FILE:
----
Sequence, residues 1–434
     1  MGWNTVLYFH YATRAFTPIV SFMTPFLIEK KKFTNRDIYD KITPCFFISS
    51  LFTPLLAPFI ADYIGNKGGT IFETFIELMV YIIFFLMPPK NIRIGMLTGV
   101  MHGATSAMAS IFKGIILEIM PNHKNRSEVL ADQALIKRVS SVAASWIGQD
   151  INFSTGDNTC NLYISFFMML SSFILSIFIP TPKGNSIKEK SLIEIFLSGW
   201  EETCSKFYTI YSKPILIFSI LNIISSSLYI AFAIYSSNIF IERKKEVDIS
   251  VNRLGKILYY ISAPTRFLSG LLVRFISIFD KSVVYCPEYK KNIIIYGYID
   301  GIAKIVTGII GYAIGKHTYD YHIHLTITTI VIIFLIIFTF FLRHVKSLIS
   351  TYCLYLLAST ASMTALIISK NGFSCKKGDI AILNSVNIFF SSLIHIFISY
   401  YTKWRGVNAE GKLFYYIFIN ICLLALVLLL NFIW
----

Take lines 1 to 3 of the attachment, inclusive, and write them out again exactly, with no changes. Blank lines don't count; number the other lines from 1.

Sequence, residues 1–434
     1  MGWNTVLYFH YATRAFTPIV SFMTPFLIEK KKFTNRDIYD KITPCFFISS
    51  LFTPLLAPFI ADYIGNKGGT IFETFIELMV YIIFFLMPPK NIRIGMLTGV